Foods that make you nostalgic: Tibetan bread Tingmo

It is strange how the mere thought of some foods makes you nostalgic and you are left with no choice but to relive those memories. In my case, reliving those memories is to actually cook those foods. So on a rain-soaked evening in bed when life reminds you of your college days (when despite being broke like a beggar you used to be always on the look out for great food) you got to get up and conjure those happy memories.

During one crazy food trailing during our graduation day at Delhi University, we had once discovered this heavenly food called Tingmo in the charming lanes of Tibetan Refugee Colony (Majnu ka Tila, MKT) in Delhi. And as exaggerating this may sound, life wasn’t the same again.

One trip, two trips and it always went on and on. But as we outgrew our college life, this thing somehow got pushed down deep into the memory pool.

Now, that the cork had popped, it was time to try cooking some Tingmo. I am not sure if this is the authentic recipe for Tingmo but this was the closest I could do and at least the bread tasted exactly like the ones we used to eat. Although, it looks nowhere close to those perfectly round and spongy buns. But all you can do is, try.

I am sharing this recipe because the whole thing brings back strong nostalgia. Hope you do not judge the outcome and the photographs.

So, here is how I cooked Tibetan bread Tingmo with something that looks like ‘Chicken Shapta’. This one is dedicated to all my college friends who were a part of this ‘sumptuous’ food-adventure.

Hope you enjoy it 🙂

Serves:2 Total time: 2 hours (approximately)

For ‘Tingmo’: (serves two)


The perfect comfort food <3


  • One cup of all-purpose flour
  • A pinch of salt
  • One and a half teaspoons of dried yeast
  • One and a half teaspoons of sugar+ One and a half teaspoons of sugar (2 portions)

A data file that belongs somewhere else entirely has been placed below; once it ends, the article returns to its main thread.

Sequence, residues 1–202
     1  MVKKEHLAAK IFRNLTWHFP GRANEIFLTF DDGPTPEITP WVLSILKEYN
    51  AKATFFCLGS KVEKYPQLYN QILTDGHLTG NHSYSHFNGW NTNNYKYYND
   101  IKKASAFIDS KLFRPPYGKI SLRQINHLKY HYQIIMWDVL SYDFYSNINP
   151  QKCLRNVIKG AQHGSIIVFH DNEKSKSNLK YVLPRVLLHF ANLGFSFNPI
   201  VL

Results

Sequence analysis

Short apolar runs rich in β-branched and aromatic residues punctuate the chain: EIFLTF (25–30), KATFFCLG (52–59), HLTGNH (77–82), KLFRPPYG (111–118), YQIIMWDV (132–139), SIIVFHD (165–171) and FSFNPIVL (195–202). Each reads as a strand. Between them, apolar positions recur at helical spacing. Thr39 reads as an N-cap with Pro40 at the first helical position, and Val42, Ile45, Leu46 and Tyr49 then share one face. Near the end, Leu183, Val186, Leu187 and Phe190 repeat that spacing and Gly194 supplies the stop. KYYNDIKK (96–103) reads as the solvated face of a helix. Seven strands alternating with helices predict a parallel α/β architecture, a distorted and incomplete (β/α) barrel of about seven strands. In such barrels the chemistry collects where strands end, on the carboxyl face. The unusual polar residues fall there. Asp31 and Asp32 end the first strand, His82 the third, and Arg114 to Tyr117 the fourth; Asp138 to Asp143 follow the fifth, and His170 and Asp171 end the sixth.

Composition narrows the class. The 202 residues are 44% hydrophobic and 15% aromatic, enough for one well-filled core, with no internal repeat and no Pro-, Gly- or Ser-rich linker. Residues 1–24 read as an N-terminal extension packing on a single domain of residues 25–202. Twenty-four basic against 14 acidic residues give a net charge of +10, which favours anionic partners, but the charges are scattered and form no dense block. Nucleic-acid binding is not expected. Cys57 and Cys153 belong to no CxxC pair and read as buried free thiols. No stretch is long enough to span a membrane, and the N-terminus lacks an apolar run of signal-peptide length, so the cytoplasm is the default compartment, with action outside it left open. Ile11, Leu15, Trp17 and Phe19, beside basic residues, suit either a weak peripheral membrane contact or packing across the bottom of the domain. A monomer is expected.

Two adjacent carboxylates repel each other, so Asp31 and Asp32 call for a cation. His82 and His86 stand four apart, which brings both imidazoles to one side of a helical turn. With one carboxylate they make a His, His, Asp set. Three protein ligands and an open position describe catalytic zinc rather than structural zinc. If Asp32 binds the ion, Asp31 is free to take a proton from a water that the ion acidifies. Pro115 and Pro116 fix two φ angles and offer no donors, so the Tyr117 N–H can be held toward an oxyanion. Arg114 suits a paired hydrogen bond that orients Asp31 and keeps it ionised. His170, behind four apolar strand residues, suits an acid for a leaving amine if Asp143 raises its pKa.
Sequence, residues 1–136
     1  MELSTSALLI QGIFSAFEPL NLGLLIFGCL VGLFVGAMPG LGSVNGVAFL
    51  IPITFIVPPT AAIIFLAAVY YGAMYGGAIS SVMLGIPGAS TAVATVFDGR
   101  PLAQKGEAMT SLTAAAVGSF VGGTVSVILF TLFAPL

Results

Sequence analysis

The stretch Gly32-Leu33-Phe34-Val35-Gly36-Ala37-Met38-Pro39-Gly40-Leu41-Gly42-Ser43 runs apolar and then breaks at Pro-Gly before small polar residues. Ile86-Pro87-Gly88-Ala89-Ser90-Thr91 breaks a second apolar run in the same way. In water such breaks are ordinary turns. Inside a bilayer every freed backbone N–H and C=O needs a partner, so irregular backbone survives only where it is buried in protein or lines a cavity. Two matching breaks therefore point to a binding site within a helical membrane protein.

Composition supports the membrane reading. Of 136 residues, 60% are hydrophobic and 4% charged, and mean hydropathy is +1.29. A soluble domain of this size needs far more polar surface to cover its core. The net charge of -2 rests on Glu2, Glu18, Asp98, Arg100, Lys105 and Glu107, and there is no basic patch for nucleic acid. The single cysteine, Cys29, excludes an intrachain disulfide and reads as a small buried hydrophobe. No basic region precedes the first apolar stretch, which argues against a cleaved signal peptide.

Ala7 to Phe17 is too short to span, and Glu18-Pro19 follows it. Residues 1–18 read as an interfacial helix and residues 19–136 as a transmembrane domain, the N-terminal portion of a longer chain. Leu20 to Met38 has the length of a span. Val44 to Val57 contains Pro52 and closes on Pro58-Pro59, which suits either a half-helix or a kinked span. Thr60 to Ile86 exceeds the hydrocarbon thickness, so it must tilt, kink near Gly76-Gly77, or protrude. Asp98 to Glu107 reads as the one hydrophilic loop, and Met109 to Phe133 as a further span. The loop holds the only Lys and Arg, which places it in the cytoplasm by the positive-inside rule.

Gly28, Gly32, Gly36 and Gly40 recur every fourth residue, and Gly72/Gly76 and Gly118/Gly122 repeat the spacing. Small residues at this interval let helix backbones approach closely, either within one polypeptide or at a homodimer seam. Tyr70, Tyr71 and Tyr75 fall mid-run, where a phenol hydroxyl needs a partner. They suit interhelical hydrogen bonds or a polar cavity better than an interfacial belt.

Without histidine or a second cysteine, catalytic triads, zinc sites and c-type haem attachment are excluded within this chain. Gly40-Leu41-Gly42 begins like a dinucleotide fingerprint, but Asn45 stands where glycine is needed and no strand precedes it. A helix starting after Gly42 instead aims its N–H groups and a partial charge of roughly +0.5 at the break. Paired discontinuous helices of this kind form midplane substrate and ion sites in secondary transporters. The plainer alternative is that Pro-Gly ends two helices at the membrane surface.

• One tablespoon of oil
  • Half teaspoon of baking powder
  • Two teaspoons of warm water to froth the yeast
  • Warm water to make the dough (about quarter cup)

Roll it anyway you like it, it just tastes divine


  • Mix salt, baking powder, one portion of sugar, oil and flour in a bowl, do not add the water just yet
  • Mix yeast and the other portion of sugar in a small bowl, add two teaspoons of water, mix well
  • Let the yeast sit for 10-15 minutes
  • Once the yeast has activated, pour it into the flour bowl, add water and make a soft dough
  • When the dough is done, cover the bowl with a cling film or place a lid on it
  • Let the dough sit for about one and half hours, the more is better
  • Meanwhile, start working on the chicken
  • After one and half hours, take out the dough and make small balls of the size of your palm
  • Roll them out like long ropes and brush some oil over each
  • Now start rolling it in the shape of a cinnamon roll or you can just tie it like you knot a ribbon. The choice is yours
  • Put the buns in a steamer and let them cook for 15-20 minutes (depending on the thickness of ghe bun)
  • Serve hot with the chicken Shapta (scroll down for recipe) and chili sauce
  • If you don’t have a steamer, just use a saucepan and a large sieve. This works just fine. Just pour water into the pan, bring it to a boil, and place the buns over the sieve. Cover with a tight lid. Keep the flame medium so the water doesn’t gurgle out. Be careful while removing the lid as the hot steam might burn your hands

Use a sieve if you don’t have a steamer

For the ‘Shapta’:


Food for thought is no substitute for the real thing


  • About 250 grams of boneless chicken cut into small pieces
  • One-half of a large capsicum chopped into long strands (preferably green), I used the red ones
  • One medium onion, coarsely chopped
  • Spring onions finely chopped, about 20 grams
  • Green chili, one
  • Chili flakes, one tablespoon (you can add more if you like it really spicy)
  • Soy sauce, two teaspoons
  • Ginger-garlic, finely chopped, according to your taste
  • Garlic powder, one teaspoon
  • Oil to cook
  • Salt to taste
  • You can make it a dry dish but I added about half cup of water to make a thick gravy

“Memory. My poison, my food.”


  • Heat oil in a pan
  • Once the oil is hot, add the chicken and fry until golden brown
  • Once the oil starts separating, add ginger-garlic paste, green chili, and salt, fry for 2 minutes
  • Now add onions, capsicum,and spring onions,stir well and cook for 5-10 minutes
  • Cover the lid if you want your capsicum to cook properly, some people like it crunchy
  • Add soy sauce, chili flakes, and garlic powder,mix well
  • By now the chicken should start to soften, cook more if you feel it’s under-cooked
  • Add water and let it simmer if you want a thick gravy or cook until the chicken looks crispy

No Comments

Your feedback is important. Post one here.....